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24 February 2012
GMB SHOP STEWARD FROM TATE & LYLE SUGAR REFINERY TO ATTEND EU SUGAR FORUM IN BRUSSELS ON MONDAY 27TH FEBRUARY TO SAFEGUARD 95 JOBS IN SILVERTOWN EAST LONDON
When Britain acceded to the EU in 1973 arrangements were made for the UK to be able to continue to source raw cane sugar from the Caribbean and the Pacific region and this arrangement should continue to apply says GMB
Ray Boyle, GMB Shop Steward representing workers at Tate& Lyle sugar refinery at Silvertown in East London will be attending the EU Sugar Forum in Brussels on Monday 27th February as a first step in safeguarding 95 job losses under threat at the site. He will be accompanied at the meeting by Kathleen Walker Shaw, GMB European Officer who is based in Brussels.
These proposed job losses arise over the company problem of sourcing enough cane sugar from the Caribbean and Pacific sugar plantations because of European Union import restrictions. Tate & Lyle is pursuing legal redress against the European Commission for this import ban.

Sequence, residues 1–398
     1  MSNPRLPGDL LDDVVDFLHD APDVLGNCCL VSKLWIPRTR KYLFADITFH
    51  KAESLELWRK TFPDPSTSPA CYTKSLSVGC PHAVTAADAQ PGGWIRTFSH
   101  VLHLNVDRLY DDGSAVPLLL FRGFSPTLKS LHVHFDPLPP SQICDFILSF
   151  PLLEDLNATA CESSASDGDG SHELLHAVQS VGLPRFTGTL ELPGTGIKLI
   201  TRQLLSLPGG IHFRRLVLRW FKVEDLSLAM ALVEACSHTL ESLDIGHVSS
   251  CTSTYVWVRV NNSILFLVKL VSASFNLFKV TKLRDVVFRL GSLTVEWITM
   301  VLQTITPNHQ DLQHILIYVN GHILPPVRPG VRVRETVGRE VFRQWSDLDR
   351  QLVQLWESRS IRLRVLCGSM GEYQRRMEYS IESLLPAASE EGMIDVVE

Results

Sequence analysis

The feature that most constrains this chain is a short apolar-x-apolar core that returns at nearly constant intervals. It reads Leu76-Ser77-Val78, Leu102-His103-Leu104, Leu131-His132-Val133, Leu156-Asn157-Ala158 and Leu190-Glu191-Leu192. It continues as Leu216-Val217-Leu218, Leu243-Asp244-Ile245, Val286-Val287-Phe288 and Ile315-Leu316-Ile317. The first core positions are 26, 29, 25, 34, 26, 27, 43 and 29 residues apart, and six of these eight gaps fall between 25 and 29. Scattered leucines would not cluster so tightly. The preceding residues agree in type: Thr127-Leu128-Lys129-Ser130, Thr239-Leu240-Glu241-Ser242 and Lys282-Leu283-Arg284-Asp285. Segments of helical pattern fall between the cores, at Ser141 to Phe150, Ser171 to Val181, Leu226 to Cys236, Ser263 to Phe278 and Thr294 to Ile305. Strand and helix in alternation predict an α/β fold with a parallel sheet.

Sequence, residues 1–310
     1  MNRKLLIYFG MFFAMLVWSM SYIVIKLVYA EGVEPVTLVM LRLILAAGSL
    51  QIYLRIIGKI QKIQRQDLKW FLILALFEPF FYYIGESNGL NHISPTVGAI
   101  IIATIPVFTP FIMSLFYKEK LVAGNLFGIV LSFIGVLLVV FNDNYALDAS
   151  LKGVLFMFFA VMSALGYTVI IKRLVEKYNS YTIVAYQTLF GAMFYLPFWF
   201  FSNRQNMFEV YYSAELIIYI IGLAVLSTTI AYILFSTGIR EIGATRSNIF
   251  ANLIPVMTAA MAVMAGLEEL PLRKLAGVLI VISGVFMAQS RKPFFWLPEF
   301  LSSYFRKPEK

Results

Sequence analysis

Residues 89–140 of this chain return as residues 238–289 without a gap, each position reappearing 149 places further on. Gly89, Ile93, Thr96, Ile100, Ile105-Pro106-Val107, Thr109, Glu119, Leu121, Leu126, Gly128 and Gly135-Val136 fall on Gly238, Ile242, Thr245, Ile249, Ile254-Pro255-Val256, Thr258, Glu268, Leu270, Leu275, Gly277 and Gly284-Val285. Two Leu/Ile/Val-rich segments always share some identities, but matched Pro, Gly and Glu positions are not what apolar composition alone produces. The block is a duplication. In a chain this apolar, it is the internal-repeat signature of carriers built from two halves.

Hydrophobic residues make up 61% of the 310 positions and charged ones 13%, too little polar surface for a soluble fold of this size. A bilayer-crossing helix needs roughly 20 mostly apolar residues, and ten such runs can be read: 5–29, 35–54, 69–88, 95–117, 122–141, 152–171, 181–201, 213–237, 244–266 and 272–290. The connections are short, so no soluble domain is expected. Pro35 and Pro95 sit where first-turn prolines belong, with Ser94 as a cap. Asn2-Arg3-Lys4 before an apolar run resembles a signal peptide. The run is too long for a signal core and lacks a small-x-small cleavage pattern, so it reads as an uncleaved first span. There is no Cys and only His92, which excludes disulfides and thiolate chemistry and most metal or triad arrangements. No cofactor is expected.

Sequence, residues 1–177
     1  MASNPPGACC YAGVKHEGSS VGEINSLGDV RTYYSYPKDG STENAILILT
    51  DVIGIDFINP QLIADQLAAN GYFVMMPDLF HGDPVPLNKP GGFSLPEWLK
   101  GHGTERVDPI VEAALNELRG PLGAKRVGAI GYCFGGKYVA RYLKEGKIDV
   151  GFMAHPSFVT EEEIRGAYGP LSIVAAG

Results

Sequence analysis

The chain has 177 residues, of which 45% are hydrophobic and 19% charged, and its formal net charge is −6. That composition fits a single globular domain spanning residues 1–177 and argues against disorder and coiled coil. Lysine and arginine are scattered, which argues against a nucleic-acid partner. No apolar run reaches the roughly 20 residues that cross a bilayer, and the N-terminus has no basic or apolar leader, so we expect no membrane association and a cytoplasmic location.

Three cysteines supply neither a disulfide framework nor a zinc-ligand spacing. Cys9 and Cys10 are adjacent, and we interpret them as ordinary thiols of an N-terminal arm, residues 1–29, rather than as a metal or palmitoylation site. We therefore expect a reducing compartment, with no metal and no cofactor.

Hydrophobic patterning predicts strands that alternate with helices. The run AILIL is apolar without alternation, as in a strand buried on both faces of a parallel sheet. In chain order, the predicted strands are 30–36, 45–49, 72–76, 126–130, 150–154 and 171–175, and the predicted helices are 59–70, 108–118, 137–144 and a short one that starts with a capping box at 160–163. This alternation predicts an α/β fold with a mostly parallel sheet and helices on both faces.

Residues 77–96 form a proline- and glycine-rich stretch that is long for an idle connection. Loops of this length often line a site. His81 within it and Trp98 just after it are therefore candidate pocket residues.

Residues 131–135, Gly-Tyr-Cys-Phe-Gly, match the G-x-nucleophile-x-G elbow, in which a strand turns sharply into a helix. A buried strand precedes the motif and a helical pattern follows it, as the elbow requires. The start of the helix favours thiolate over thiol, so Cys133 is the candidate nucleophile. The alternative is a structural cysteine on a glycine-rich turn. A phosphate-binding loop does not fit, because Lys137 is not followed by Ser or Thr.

Kathleen Walker Shaw, GMB European Office in Brussels has intervened with the Commission over the import restrictions that are affecting the Silver Town site which is currently running at 60% of its capacity.
Paul Campbell, GMB Organiser said, “GMB representatives are attending the EU Sugar forum on Monday in Brussels.
GMB will be telling the Forum that the suggestion that 95 workers at the Tate & Lyle sugar refinery in London should pay the price for this European import restriction with the loss of their jobs is completely unacceptable. GMB is saying no to these redundancies and GMB is demanding a strategy from the EU to avoid these job losses.
Much of the UK's sugar is sourced from cane sugar and this refinery is not able to refine sugar using sugar beet as a raw material.
I believe that the European Union is putting the interests of the EU farmers who grow sugar beet ahead of that of these East London workers and the workers on the sugar plantations. When Britain acceded to the EU in 1973 arrangements were made for the UK to be able to continue to source raw cane sugar from the Caribbean and the Pacific region and this arrangement should continue to apply.
GMB's European Officer will also put pressure on our friends in Europe to assist the company in its negotiations with the EU to get enough cane sugar to keep the London plant working properly.”